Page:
Gather Eggs:
-If you don't already gather up your flock's eggs on a daily basis, now is the time to begin doing so (and it's really best to already have this as an established habit, as doing so discourages egg-eating). Eggs left out in freezing and below-freezing temperatures can freeze and crack.

So, an ounce of wintertime prevention for your feathered friends is worth a dozen eggs, I always say. Put on your snow boots, toss on your mittens, and get your coop ready for the dip in mercury ahead. Winter officially commences in 4 days, so there's no time like the present to get crackin'!

*To view more images of our wintertime bolstering, go here.

Hot Chocolate Gift Basket

Happy Friday, everyone! My "Small Measures with Ashley" post is up over on Design Sponge. Today's topic suggests assembling a hot chocolate-themed gift basket for holiday giving. I've also offered a recipe for "Hedonistic Hot Chocolate", a version so good it's positively scandalous!

Well, we're finally losing the remaining snow from last Saturday's 3-inch showers. It's also warming up after insanely low temperatures this week (it was 9 degrees a few mornings ago-who wants to get out from under flannel sheets, a flannel blanket, and a down comforter with a tiny baby when it's 9 degrees outside???). Depending on temperatures this week, Hubs and I might venture into town to see if any of the area tailgate markets are still open for the year.

Otherwise, I've been pining for Martha Stewart's Fennel, Orange, & Nut Biscotti ever since coming across the recipe in her 2010 Holiday Cookie magazine, so I think it's high time I made them. Hopefully my Mom will get to make it down from her snowy town on Sunday, as they past two weeks have brought weather too treacherous for her to make the one hour drive. We've been planning on baking cookies together and that magic needs to finally happen.

Wherever you are, stay warm! And drink hot chocolate!!!

Wednesday, December 15, 2010

Furry Posterity

Sometimes I mean to post things and then just keep forgetting, for whatever reason, to get around to it. Such is the case with the artwork of Jessica Rhys. I'm remembering right now, so I'm posting-right now!!!

A friend of my online buddy Aaron Weintraub, Rhys is the force behind Animalia Art. Send her an image of your furry friends and she'll provide you with an original hand-painted image for posterity. The best part (aside from the art, and the idea, itself), in my opinion, is the fact that she donates 10% of profits to a selection of fantastic animal charities. You win and creatures great and small win with you! Score!

While this might be a bit late for a holiday gift, if you've got a serious pet lover in your family, keep Rhys in mind for birthday, anniversary, and "Because it's Tuesday and I love you" gifting!

Snowy Cove

We've been snowed in here in our forested cove now for four days. Fortunately, we were prepared, with plenty of food on hand for man and beast alike. Also, fortunately, we really like each other and don't mind being in such close quarters for days at a stretch. Our winters are often like that anyways, snow and ice or not.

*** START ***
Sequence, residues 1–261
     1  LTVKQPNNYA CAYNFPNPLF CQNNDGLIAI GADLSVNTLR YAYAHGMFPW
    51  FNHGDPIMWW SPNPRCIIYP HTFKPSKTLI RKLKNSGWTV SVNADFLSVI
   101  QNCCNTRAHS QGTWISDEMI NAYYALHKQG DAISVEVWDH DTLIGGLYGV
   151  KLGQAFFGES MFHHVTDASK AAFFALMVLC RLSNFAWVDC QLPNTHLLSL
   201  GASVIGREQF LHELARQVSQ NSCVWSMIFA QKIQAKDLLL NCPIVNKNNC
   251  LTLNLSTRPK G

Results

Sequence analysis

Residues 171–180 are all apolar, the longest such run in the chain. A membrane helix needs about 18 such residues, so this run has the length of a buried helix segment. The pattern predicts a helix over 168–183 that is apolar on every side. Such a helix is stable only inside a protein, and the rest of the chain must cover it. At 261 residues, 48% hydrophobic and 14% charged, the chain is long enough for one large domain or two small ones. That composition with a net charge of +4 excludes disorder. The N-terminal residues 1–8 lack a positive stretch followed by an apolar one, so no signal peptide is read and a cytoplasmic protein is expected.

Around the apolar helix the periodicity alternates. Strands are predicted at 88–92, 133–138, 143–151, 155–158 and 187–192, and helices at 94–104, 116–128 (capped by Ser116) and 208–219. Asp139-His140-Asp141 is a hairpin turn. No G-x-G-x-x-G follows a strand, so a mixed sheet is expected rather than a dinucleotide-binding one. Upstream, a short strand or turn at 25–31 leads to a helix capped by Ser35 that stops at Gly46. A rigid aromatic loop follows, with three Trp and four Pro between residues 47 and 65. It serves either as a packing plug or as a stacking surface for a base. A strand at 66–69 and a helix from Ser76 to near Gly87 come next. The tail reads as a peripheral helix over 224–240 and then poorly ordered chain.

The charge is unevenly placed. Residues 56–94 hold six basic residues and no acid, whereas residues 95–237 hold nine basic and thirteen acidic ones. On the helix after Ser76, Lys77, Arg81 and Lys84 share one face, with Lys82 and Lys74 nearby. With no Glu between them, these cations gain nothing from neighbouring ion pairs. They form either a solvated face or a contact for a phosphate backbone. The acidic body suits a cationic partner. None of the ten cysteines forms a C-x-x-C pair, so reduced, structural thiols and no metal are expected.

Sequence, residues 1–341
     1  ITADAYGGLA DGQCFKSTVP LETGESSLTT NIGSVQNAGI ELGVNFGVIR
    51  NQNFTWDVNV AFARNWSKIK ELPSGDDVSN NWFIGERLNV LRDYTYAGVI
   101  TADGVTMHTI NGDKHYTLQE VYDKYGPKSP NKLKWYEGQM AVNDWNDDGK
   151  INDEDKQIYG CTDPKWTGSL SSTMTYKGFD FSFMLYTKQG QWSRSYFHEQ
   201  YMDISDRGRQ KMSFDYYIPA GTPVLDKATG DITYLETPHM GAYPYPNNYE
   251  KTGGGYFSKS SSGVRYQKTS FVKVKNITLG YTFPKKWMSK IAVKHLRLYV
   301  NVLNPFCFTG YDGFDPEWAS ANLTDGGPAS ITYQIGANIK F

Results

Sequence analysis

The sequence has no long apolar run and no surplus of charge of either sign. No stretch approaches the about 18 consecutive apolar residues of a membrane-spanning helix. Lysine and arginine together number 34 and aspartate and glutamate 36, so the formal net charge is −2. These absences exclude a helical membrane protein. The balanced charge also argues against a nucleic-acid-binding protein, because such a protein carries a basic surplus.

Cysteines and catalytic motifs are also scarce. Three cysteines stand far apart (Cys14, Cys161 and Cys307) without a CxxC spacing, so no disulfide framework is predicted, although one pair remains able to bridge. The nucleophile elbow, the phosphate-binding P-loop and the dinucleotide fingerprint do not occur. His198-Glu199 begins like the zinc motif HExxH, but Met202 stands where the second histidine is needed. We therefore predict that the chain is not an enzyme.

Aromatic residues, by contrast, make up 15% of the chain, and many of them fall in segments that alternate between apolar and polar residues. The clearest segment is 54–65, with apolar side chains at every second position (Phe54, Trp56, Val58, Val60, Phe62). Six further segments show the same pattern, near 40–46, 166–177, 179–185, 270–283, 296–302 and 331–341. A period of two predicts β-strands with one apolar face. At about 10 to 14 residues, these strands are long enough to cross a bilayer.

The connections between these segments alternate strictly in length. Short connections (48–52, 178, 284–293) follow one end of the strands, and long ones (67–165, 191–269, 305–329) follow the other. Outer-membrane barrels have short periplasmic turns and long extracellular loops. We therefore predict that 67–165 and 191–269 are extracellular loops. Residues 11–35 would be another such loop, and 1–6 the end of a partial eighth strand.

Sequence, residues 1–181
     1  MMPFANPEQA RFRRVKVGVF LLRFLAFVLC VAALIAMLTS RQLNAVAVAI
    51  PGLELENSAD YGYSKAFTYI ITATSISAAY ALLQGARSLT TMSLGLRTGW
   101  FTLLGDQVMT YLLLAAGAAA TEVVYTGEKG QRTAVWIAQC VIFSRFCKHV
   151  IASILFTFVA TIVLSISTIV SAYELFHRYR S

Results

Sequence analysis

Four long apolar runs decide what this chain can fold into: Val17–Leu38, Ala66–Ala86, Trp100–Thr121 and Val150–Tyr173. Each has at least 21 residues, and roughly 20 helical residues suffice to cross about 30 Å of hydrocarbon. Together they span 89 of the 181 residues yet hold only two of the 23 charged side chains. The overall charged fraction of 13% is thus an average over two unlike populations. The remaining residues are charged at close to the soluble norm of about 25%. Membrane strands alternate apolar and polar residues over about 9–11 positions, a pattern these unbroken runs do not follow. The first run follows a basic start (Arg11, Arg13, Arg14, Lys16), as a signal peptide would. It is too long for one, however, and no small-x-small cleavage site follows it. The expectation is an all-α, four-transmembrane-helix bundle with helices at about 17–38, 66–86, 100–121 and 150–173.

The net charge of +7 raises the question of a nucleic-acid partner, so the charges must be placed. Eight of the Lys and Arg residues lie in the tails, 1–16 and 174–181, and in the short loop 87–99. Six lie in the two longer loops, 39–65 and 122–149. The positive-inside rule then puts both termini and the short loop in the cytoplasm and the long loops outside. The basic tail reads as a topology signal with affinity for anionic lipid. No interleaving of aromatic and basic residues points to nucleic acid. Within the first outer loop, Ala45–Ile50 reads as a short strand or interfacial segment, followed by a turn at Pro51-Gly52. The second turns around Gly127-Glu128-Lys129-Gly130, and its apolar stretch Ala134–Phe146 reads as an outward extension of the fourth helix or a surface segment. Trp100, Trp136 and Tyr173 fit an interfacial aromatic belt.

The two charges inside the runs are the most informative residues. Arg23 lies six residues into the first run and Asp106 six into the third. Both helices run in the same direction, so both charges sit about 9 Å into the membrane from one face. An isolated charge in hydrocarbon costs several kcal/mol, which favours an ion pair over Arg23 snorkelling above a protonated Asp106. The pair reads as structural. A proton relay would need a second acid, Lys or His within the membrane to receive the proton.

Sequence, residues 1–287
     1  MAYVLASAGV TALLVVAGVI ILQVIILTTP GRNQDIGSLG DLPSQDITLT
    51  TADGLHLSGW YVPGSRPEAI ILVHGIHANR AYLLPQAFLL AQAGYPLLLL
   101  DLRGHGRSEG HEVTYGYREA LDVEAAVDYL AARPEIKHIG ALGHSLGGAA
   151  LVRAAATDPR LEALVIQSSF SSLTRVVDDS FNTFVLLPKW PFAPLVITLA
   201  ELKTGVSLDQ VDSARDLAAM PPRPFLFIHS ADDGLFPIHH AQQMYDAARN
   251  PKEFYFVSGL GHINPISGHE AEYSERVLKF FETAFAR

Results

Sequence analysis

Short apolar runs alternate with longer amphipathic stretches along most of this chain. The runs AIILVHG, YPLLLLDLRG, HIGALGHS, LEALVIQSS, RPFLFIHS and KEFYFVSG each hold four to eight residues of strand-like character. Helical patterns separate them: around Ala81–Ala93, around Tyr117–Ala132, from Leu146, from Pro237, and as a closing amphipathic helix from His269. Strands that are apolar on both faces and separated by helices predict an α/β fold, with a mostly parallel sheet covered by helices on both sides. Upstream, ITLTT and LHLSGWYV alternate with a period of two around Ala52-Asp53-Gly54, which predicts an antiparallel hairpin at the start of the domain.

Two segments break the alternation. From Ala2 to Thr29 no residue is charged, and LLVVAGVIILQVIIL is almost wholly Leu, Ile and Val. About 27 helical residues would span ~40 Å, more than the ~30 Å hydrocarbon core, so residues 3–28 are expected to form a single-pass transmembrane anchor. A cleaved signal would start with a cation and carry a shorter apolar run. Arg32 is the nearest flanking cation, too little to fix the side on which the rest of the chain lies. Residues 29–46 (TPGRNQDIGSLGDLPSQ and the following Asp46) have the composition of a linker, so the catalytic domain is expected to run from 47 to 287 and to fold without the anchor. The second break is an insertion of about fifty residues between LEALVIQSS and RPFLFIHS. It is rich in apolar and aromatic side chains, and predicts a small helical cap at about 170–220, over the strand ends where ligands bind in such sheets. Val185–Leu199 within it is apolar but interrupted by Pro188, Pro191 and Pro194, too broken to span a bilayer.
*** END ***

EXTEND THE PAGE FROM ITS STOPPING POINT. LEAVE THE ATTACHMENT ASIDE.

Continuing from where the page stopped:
Here's a few candid shots Hubs took today whilst visiting the chicken coop to give the Ladies a fresh supply of water. The first shot shows the stone cairn atop our well, followed by our puppy Dexter, our wood supply with a glimpse of the neighboring rhododendron forest in the background (one of the sole, and much welcome, offerings of wintertime greenery around these parts), old windows Hubs intends to make into a cold frame (thankfully, we had new windows installed in 4 rooms before this current arctic blast made its way down), and an animal skull unearthed on the property.

I'll be back soon with some tips for keeping your own flock warm and happy during cooler months.

Bundle up, friends!

Tuesday, December 14, 2010

Kitchen Elf

This tiny elf has been assisting me in the kitchen all day.

It was all fun and games until I told him to ease up on the milk and cookies.

Monday, December 13, 2010

Time Of the Season

A bit of seasonal decor 'round chez English.

So, why the fly agaric or "toadstool" mushroom on our juniper tree? Well, dear reader, read on.

Happy holidays!!!

Saturday, December 11, 2010

Homemade Lip Balm

Happy Friday, everyone! My "Small Measures with Ashley" post is up over at Design Sponge. This week's topic is on making your own lip balm-perfect for your own lips and for mixing up a batch for the puckers of your nearest and dearest!

Well, Huxley and I are making our social debut today! My dear friend Jenny is hosting my annual "Ladies Cookie Exchange" at her home on my behalf (there was NO way I could pull it off this year, what with a 7-week old, and all...). I've made Martha's Mexican Wedding Cookies (they seriously need to leave the house soon; I'm losing all sense of self control with them near) and look forward to mixing and mingling with some lovely lady friends, sampling their wares and coming home with a treasure trove of delectable nibbles for Hubs and I to indulge in.

Stay warm, wherever you are! Another big snow storm is headed our way tomorrow, so it looks like we'll be hunkering down chez English, keeping the home fires burning and cuddling with the "pea pod."

Thursday, December 9, 2010

Hakuna Frittata*

Grilled toast frittata